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Case Reports
Subcapsular Hepatic Hematoma after Cardiopulmonary Resuscitation
Song-I Lee
Kosin Medical Journal 2020;35(2):156-162.
Published online: December 31, 2020
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Department of Internal Medicine, Chungnam National University Hospital, Chungnam National University School of Medicine, Daejeon, Korea

• Received: June 16, 2020   • Revised: October 11, 2020   • Accepted: October 28, 2020

Copyright © 2020 by Korean Association of Medical Journal Editors

Articles published in Kosin Medical Journal are open-access, distributed under the terms of the Creative Commons Attribution Non-Commercial License ( which permits unrestricted non-commercial use, distribution, and reproduction in any medium, provided the original work is properly cited.

  • Cardiopulmonary resuscitation (CPR) is an important life-saving procedure in emergency care. However, CPR is associated with various complications. A 41-year-old man was admitted to the intensive care unit after CPR. A sudden decrease in the blood pressure and hematocrit level was recorded. An abdominal computed tomography (CT) showed a large subcapsular hematoma in the left lobe of the liver. With conservative treatment, the hematoma reduced in size, but it was later managed with percutaneous drainage. The patient recovered and was discharged. We obtained a favorable outcome with conservative, nonsurgical treatment. Subcapsular hepatic hematoma is a potential life-threatening complication that should be considered in CPR survivors.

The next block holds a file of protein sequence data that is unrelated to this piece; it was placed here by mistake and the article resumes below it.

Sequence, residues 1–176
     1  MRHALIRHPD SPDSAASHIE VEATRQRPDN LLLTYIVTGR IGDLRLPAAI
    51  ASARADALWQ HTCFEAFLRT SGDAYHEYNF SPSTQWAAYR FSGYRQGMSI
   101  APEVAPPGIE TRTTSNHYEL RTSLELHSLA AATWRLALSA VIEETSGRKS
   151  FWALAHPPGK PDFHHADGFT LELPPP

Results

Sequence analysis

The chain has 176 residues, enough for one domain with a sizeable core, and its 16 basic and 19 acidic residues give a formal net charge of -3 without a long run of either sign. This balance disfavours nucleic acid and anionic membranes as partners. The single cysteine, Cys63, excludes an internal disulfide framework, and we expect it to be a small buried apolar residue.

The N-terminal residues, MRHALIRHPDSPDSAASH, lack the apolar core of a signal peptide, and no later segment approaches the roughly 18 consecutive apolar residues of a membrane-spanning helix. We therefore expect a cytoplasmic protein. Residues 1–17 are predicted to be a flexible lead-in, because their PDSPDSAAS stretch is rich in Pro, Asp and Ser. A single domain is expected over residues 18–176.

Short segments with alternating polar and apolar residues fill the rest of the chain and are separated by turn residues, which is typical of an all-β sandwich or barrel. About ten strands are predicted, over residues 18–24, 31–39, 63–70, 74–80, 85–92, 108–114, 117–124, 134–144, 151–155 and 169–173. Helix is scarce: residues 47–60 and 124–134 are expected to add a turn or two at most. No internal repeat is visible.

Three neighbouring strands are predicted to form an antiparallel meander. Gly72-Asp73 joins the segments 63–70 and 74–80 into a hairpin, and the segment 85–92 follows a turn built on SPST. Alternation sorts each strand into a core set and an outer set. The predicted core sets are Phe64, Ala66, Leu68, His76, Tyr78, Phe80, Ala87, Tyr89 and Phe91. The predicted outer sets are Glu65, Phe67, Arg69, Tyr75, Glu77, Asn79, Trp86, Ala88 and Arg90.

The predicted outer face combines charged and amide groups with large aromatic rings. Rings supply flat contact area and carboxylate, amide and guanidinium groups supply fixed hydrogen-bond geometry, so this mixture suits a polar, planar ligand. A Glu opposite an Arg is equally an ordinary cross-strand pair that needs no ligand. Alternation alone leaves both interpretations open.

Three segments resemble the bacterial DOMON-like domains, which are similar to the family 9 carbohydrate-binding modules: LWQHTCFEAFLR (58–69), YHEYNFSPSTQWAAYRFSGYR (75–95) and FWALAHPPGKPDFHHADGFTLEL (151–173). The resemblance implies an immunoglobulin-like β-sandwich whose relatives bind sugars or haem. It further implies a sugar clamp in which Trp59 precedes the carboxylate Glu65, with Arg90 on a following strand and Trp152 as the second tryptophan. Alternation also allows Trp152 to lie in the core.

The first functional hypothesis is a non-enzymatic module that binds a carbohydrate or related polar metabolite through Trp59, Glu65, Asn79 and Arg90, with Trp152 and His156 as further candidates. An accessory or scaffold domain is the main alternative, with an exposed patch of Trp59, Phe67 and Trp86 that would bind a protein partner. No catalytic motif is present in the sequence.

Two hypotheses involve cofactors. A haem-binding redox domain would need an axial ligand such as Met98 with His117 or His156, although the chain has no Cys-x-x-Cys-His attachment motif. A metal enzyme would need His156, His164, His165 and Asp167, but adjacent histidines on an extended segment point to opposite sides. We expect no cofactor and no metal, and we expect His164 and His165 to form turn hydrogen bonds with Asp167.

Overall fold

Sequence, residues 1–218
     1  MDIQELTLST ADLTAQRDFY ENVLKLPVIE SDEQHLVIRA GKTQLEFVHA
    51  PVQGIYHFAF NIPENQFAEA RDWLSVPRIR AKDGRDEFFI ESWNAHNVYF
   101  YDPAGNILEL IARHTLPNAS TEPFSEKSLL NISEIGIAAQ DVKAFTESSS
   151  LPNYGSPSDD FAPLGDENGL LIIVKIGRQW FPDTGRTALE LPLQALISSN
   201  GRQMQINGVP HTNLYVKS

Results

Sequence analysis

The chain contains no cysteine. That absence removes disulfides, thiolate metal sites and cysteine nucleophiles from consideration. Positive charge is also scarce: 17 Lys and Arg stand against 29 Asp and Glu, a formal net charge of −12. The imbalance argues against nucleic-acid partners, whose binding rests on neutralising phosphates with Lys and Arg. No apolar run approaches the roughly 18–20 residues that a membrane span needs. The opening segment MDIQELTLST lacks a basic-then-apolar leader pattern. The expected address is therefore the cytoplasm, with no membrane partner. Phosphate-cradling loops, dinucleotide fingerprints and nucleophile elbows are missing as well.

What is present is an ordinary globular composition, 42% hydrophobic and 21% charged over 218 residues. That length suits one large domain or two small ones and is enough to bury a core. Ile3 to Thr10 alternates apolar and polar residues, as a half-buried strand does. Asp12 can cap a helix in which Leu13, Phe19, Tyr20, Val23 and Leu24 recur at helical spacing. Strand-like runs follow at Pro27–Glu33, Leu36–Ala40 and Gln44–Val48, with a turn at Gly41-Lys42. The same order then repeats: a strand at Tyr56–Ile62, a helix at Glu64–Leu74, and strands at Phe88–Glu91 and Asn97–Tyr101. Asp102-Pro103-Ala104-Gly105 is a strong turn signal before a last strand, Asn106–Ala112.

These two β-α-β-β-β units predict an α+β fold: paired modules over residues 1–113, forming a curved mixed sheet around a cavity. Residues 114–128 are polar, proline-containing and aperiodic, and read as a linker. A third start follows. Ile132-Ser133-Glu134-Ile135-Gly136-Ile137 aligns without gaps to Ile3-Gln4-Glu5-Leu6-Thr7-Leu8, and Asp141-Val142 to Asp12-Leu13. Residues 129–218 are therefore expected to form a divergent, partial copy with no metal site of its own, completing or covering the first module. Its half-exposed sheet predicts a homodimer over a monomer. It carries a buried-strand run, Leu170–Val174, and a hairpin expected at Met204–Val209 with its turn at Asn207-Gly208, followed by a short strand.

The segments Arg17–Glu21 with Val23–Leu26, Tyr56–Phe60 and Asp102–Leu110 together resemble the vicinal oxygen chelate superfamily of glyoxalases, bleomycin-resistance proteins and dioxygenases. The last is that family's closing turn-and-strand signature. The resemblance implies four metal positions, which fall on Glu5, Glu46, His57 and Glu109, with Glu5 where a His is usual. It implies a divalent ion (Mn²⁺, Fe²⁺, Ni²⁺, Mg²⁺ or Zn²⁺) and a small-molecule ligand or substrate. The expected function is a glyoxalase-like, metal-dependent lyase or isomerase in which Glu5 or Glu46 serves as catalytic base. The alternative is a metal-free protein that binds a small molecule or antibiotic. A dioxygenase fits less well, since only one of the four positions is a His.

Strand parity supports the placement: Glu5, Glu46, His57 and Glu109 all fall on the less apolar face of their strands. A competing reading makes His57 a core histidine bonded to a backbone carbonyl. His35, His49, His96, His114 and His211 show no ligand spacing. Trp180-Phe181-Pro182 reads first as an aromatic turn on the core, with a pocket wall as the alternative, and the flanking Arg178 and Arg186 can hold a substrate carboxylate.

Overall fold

Cardiopulmonary resuscitation (CPR) is an important, life-saving, emergency care procedure. CPR comprises chest compressions and artificial ventilation; during the former, the lower half of the sternum should be depressed to approximately one-third of the chest cavitary depth in each compression.
Complications of CPR include lung injuries (e.g., pneumothorax), rib fractures and contusion, damage to abdominal organs, and chest and/or abdominal pain.13 However, damage to abdominal organs is a rare complication of CPR. Here, we report a case of subcapsular hepatic hematoma, a rare complication of CPR.46